EXCLUSIVE Dyson dumps Malaysian supplier ATA over labour concerns

A Dyson logo is seen on 5th Ave in New York, New York, U.S., March 19, 2019. REUTERS/Carlo Allegri/File Photo

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  • Workplace audit, whistleblower allegations led to termination
  • ATA already under U.S. investigation over labour practices
  • Shares in ATA plunge 30%

KUALA LUMPUR, Nov 25 (Reuters) – Dyson has terminated its relationship with supplier ATA IMS Bhd (ATAI.KL) following an audit of the Malaysian company’s labour practices and allegations by a whistleblower, the firm famed for its high-tech vacuum cleaners told Reuters.

ATA, which is already being investigated by the United States over forced labour allegations, did not have an immediate comment. It has previously denied such allegations.

Shares in ATA, which makes parts for Dyson’s vacuum cleaners and air purifiers, tumbled 30% to their lowest since April 2020 after the Reuters report. According to ATA, Dyson accounts for almost 80% of its revenue.

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The termination is also a significant blow for Malaysia, a key electronics manufacturing hub that has faced scrutiny this year over exploitation of foreigners who make up a large share of its factory workforce.

Dyson, privately owned by British billionaire James Dyson, said it received the results of an audit of working conditions at ATA in early October. It said it had learned in September about allegations from a whistleblower at an ATA factory and had commissioned a law firm to investigate those claims.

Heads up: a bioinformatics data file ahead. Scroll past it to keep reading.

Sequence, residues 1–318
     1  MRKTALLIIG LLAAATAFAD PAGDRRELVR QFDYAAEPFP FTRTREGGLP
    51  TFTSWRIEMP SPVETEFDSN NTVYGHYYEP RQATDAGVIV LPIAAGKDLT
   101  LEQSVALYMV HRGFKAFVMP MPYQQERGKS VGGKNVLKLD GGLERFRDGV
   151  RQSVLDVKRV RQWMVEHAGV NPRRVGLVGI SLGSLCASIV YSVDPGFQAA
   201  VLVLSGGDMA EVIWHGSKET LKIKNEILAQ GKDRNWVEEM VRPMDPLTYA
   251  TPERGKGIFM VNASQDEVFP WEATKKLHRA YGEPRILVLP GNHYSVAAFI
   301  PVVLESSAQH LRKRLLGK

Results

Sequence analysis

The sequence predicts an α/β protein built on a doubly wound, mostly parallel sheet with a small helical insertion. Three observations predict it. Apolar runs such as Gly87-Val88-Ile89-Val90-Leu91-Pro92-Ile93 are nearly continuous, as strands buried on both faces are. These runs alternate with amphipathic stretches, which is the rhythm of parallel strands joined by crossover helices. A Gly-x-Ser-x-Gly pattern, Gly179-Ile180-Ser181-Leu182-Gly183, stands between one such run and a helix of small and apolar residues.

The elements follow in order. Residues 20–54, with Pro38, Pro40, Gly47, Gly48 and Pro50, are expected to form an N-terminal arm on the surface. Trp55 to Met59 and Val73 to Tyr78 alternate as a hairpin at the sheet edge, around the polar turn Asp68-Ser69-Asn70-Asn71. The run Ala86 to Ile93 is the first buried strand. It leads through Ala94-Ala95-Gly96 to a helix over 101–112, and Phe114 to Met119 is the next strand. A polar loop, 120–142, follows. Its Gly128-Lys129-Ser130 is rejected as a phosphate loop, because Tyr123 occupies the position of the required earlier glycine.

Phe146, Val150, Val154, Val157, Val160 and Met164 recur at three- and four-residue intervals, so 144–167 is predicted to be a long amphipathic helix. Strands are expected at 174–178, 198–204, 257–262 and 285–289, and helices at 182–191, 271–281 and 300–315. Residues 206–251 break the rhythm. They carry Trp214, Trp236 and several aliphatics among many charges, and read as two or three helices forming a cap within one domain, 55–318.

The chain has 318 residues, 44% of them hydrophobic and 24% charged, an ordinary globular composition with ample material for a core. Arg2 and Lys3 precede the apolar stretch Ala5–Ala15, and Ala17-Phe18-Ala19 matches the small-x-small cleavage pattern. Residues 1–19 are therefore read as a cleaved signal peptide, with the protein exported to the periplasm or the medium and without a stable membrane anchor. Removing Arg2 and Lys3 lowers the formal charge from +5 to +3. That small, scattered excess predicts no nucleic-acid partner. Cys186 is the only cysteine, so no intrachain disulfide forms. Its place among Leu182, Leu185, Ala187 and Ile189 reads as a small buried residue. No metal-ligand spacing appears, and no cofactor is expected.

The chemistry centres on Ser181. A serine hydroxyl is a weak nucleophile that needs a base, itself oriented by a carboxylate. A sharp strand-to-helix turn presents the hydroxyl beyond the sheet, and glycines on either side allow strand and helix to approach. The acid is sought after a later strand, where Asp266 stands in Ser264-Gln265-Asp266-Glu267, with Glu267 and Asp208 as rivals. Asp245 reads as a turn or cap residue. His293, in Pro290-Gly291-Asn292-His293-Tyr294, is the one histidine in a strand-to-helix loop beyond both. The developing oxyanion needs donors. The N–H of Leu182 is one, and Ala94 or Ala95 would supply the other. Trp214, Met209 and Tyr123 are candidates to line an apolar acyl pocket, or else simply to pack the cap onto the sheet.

“Despite intense engagement over the past six weeks, we have not seen sufficient progress and have already removed some production lines,” Singapore-headquartered Dyson said in a statement to Reuters. “We have now terminated our relationship with six months’ of contractual notice. We hope this gives ATA the impetus to improve, and enables an orderly withdrawal in the interests of the workers that they employ.”

ATA had in May denied allegations of forced labour at its factories after a prominent rights activist said U.S. authorities were going to scrutinise the company’s work practices.

The activist, Andy Hall, shared a letter the U.S. Customs and Border Protection (CBP) had sent him informing him it had agreed to investigate an ATA unit after he flagged complaints received from workers.

The CBP has not commented on the investigation.

The CBP has banned six Malaysian firm in the last two years from selling their products to the United States after finding evidence of forced labour.

In July, the U.S. State Department put Malaysia on a list with more than a dozen countries including China and North Korea, saying it had not made progress in eliminating trafficking of workers.

Most migrant workers in Malaysia come from Bangladesh and Nepal, and are employed in factories, plantations and construction sites.

ATA posted record revenue and profit for fiscal year ended March 2021 as COVID-19 induced lockdowns boosted demand for home appliances such as Dyson’s stick vacuum cleaner.

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Reporting by A. Ananthalakshmi; Editing by Lincoln Feast.

Our Standards: The Thomson Reuters Trust Principles.

source: reuters.com